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LONDON, U.K. – Euro stocks increases with the US futures as the trading session in Asia started with mixed sentiments as market players continue to look out for the signs on the progress of the long-standing US-China trade negotiations.

The Stoxx Europe 600 index gains were largely powered by automaker shares, which was boosted by the numbers that showed the car sales in Europe increased during October. The S&P 500 also gained significantly, which signals an underlying measure that the index is going for another fifth record.

In the Asian stock market, the equities in Shanghai climbed while it dropped in Tokyo. The Hang Seng in Hong Kong also increased amid the continued political unrest and protests in the city, further taking back the 4.8% drop it had last trading week.

On the other hand, the European government bonds had conflicting sentiments, while pounds stick to its increased from Monday. Further, oil futures dipped during the second trading day.

Markets all over the world are hanging by a thread with expected sudden change depending on the trade developments after several months of the long-standing trade negotiations. One factor affecting the stocks was the 21% advance in the MSCI World Index this year, which has pushed the benchmark to a level high, its highest price to earnings ratio after three years.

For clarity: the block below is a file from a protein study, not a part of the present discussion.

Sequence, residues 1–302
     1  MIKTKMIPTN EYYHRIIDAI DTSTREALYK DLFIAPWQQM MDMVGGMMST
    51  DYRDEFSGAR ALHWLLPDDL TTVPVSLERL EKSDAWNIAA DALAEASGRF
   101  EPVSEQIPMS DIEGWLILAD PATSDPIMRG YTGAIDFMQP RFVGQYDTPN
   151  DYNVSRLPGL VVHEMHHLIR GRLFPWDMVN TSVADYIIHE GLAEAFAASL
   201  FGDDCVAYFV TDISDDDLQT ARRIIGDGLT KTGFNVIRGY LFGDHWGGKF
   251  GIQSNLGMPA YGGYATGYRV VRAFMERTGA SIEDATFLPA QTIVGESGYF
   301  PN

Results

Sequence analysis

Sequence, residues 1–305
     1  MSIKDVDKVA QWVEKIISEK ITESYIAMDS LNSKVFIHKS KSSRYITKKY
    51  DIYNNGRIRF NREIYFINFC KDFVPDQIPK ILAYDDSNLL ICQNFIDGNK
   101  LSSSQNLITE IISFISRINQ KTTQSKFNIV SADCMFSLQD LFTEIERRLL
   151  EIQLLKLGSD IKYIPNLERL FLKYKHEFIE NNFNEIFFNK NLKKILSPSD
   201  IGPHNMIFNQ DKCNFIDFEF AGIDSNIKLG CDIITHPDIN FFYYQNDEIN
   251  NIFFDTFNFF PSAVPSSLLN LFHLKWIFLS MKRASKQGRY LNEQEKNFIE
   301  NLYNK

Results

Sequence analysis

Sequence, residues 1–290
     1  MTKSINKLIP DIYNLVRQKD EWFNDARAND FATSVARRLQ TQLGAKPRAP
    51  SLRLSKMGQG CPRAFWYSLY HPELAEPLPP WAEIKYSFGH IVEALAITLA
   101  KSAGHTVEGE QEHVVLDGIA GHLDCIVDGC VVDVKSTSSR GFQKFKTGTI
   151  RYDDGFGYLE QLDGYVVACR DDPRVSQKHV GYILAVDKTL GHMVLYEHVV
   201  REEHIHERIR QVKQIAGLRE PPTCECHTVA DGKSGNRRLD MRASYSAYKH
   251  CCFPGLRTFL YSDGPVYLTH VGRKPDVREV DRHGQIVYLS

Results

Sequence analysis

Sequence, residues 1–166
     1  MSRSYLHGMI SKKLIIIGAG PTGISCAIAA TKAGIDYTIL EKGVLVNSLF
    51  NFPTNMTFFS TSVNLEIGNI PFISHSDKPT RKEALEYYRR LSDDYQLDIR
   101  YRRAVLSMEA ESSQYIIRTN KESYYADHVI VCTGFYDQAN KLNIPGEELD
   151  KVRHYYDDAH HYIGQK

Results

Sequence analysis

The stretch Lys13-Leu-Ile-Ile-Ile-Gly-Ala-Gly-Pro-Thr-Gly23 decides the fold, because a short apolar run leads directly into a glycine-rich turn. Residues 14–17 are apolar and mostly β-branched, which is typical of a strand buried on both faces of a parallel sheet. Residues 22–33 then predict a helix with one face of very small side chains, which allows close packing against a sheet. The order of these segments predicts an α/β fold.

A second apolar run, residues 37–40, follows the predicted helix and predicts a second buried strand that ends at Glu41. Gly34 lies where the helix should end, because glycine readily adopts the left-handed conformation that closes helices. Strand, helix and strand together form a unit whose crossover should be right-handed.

According to a markets economist at Capital Economics, Simona Gambarini, there isn’t a lot of scope for the equities in the global market to receive any more boost from the trade negotiations more than what is being reported.

In stocks, the benchmark Stoxx Europe 600 Index came up with a 0.5% increase as of 9:24 am London time. Italy’s FTSE MIB index also rose by 0.8%. Hong Kong’s benchmark Hang Seng Index rose up to 1.5%, and the futures on the S&P 500 jumped to about 0.2%.

In currencies, Sterling rose by 0.1%, moving up to 0.8544 per Euro. The Bloomberg Dollar Spot Index had a modest change, while the Japanese yen dropped to 0.1%, going down to 108.78 per dollar.

On Bonds, the 10-year yield for Italy dipped one basis point, bringing it to 1.202%, while Germany’s gained one basis point, bringing it to -0.33%. The 10-year yield on Treasuries also increased by one basis point, leading it to 1.82%, with Australia’s dipped four basis points, dropping it to 1.1325%.

On commodities, gold dropped 0.3%, valuing it to $1,467.47 per ounce, while Iron gained 1%, leading it to $84.15 per metric ton.

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